Spot Uranium Price Slips; Exploration Continues

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"For the time being, news of delays could firm the market, especially if bulls can convince the rest of the uranium players that global demand threatens to outstrip supply."

Spot uranium prices fell $3 this week to $48 a pound U3O8, according to price publisher Ux Consulting.

The sudden softening of the market follows several weeks of quiet, but it seems sellers are no longer content to hold out for stronger demand.

Ux reported that at least one seller dropped its offer price in order to attract buyers. Trouble is, for sellers, utilities are still happy using material from their well-stocked inventories. According to Ux, delivery times for uranium were also getting longer, with mid-term delivery schedules preferred over immediate delivery options, thus, even though demand is present, it's not on material for immediate delivery.

In January, rival publisher Tradetech dropped its price estimate $1 to $50 a pound U3O8. Long-term uranium prices are unchanged at $ $70 a pound U3O8 and are expected to stay there through the end of February. The futures market continues to look good, with March futures trading at $50, June futures trading at $57, September contracts worth $58, and December contracts worth $62. 2010 is expected to bring more gains with March futures trading at $64 a pound U3O8.

According to the weekly uranium update from Toll Cross Securities Inc., uranium companies are down across the board, at least those making up the basket of stocks reflected in the Toll Cross Junior Uranium Index, which fell 1.5% this week to 158.13 from 160.53.

But one of uranium's biggest players is trying hard not to let floundering uranium prices and the global economic downturn affect its exploration activities. Canadian uranium giant Cameco Corp. is focusing on its Australian properties of late. The Australian Broadcasting Corporation reports Cameco will hire environmental scientists next month to start baseline surveys for water, dust and radiation levels south of Alice Springs.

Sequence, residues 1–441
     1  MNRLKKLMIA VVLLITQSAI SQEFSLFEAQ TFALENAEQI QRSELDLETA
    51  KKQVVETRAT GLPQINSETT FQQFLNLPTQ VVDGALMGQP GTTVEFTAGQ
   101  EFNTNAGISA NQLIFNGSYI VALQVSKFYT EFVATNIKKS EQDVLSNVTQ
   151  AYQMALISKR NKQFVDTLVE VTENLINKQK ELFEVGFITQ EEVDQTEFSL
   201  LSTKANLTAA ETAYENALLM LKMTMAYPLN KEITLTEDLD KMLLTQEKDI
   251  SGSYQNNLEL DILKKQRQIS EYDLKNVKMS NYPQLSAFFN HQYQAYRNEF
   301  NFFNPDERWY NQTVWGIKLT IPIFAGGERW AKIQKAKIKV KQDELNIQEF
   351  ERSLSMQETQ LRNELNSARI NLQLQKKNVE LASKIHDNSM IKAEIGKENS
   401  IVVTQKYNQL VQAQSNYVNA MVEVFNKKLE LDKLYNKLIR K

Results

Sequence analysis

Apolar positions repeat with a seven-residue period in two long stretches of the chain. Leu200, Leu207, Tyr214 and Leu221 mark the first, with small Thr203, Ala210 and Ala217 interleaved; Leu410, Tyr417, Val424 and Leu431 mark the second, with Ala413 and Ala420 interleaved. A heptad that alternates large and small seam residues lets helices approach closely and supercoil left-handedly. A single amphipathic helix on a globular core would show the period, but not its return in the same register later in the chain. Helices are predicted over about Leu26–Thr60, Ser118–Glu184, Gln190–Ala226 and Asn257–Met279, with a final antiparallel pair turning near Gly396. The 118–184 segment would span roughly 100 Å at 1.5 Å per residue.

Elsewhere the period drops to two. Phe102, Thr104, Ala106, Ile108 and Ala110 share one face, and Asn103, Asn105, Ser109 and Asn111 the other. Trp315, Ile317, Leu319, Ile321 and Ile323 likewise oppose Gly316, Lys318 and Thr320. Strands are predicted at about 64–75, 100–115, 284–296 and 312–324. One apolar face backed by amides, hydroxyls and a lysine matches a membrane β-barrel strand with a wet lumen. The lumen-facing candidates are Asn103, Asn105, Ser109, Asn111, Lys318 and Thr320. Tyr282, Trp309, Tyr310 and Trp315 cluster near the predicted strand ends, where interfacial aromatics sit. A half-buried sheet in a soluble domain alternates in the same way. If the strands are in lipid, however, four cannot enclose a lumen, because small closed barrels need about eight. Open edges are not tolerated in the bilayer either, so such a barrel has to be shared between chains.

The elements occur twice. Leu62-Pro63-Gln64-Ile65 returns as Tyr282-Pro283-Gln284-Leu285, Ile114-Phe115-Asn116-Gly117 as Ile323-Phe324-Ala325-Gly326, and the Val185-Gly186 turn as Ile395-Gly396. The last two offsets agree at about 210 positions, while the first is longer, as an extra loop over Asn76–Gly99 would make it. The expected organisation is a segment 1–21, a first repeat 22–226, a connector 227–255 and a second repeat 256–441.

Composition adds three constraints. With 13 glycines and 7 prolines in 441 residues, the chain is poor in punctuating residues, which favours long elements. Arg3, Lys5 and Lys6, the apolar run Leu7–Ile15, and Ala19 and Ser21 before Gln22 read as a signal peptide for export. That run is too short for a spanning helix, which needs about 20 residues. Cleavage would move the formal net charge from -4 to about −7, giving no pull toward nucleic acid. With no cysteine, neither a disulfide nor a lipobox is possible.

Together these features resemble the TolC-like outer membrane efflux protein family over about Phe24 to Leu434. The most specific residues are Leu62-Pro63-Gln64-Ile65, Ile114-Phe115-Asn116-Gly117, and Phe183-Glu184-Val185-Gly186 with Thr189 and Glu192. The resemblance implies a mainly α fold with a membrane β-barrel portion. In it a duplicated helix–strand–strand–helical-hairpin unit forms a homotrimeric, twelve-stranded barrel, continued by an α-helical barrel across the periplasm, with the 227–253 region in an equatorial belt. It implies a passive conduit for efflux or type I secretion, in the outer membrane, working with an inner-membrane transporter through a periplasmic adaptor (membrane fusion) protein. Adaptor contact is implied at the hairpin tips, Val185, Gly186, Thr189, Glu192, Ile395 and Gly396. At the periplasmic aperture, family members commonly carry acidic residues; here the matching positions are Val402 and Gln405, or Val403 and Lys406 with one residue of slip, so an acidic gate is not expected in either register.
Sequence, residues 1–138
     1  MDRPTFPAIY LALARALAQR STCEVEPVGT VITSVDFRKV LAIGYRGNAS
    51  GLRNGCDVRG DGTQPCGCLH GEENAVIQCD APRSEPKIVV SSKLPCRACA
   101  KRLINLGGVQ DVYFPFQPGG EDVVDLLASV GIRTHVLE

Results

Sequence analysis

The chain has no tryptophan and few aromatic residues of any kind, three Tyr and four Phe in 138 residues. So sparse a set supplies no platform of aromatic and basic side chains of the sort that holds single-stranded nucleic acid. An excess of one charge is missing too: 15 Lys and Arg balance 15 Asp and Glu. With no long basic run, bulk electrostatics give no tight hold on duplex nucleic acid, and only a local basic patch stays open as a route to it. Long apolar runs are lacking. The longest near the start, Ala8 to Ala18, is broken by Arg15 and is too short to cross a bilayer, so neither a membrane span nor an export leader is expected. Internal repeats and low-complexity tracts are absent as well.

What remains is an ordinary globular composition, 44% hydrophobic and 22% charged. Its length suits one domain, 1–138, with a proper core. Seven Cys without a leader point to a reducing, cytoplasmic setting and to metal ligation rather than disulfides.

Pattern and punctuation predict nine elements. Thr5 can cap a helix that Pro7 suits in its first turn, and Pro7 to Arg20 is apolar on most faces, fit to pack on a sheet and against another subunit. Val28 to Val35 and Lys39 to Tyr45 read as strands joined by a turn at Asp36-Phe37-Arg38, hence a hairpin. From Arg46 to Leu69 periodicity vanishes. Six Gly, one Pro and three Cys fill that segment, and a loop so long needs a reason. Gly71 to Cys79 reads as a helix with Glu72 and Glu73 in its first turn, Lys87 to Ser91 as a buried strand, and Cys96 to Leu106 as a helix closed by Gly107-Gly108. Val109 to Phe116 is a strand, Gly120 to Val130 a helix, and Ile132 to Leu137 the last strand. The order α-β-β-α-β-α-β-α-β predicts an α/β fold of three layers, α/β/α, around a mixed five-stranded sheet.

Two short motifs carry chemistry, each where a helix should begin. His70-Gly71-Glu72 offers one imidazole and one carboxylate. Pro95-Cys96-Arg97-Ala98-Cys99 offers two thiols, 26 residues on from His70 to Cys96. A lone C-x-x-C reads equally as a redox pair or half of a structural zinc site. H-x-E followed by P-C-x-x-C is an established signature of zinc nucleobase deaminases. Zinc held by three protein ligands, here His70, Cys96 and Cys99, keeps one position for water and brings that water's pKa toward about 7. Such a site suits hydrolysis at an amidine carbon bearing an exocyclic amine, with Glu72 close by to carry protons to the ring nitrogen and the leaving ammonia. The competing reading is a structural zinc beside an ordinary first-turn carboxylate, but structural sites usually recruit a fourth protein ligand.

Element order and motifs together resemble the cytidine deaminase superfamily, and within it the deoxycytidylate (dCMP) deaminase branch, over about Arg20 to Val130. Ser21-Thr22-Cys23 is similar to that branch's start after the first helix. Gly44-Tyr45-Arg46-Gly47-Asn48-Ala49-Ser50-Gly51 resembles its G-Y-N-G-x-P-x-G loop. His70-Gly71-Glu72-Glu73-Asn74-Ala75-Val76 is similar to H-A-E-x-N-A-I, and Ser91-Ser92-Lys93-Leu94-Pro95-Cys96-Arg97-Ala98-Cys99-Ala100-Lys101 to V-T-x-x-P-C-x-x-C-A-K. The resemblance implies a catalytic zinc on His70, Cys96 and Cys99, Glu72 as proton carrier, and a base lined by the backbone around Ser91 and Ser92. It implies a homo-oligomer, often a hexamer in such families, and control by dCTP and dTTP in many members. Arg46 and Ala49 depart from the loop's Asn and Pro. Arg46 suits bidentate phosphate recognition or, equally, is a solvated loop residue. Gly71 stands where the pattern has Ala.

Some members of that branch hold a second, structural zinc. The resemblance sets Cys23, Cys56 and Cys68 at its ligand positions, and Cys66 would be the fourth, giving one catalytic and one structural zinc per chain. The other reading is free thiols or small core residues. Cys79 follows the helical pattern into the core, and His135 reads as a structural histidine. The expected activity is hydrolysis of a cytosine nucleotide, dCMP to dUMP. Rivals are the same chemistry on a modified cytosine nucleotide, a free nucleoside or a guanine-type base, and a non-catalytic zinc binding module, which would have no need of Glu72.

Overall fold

Over in Namibia, an Australian company has just stumbled upon a massive uranium deposit and is now studying the feasibility of mining it. World Nuclear News reports Extract Resources has found a massive deposit alongside the existing Rössing mine. Extract announced for Zone 1 of its Rössing South deposit an inferred resource of 41,600 tons of uranium at a grade of some 0.037%, compliant with NI 43-101 standards.

WNN reports Rössing South lies about seven kilometers away from the Rio Tinto-controlled Rössing mine and current figures rank it fourth-biggest in Namibia, after Rössing, Langer Heinrich and Trekkopje.

Australian online financial news provider Business Day reports BHP Billiton's multibillion-dollar expansion at its Olympic Dam copper/uranium/gold operation may be slowing down, which has excited pure uranium plays, in a classic twist of Schadenfreude. BHP hasn't announced a slowdown, but Business Day reports the company just cut some 200 jobs associated with the project, as it doesn't expect environmental clearance until next February.

For the time being, news of delays could firm the market, especially if bulls can convince the rest of the uranium players that global demand threatens to outstrip supply. If a supply/demand gap indeed exists, we should soon see upward movement in the spot market.

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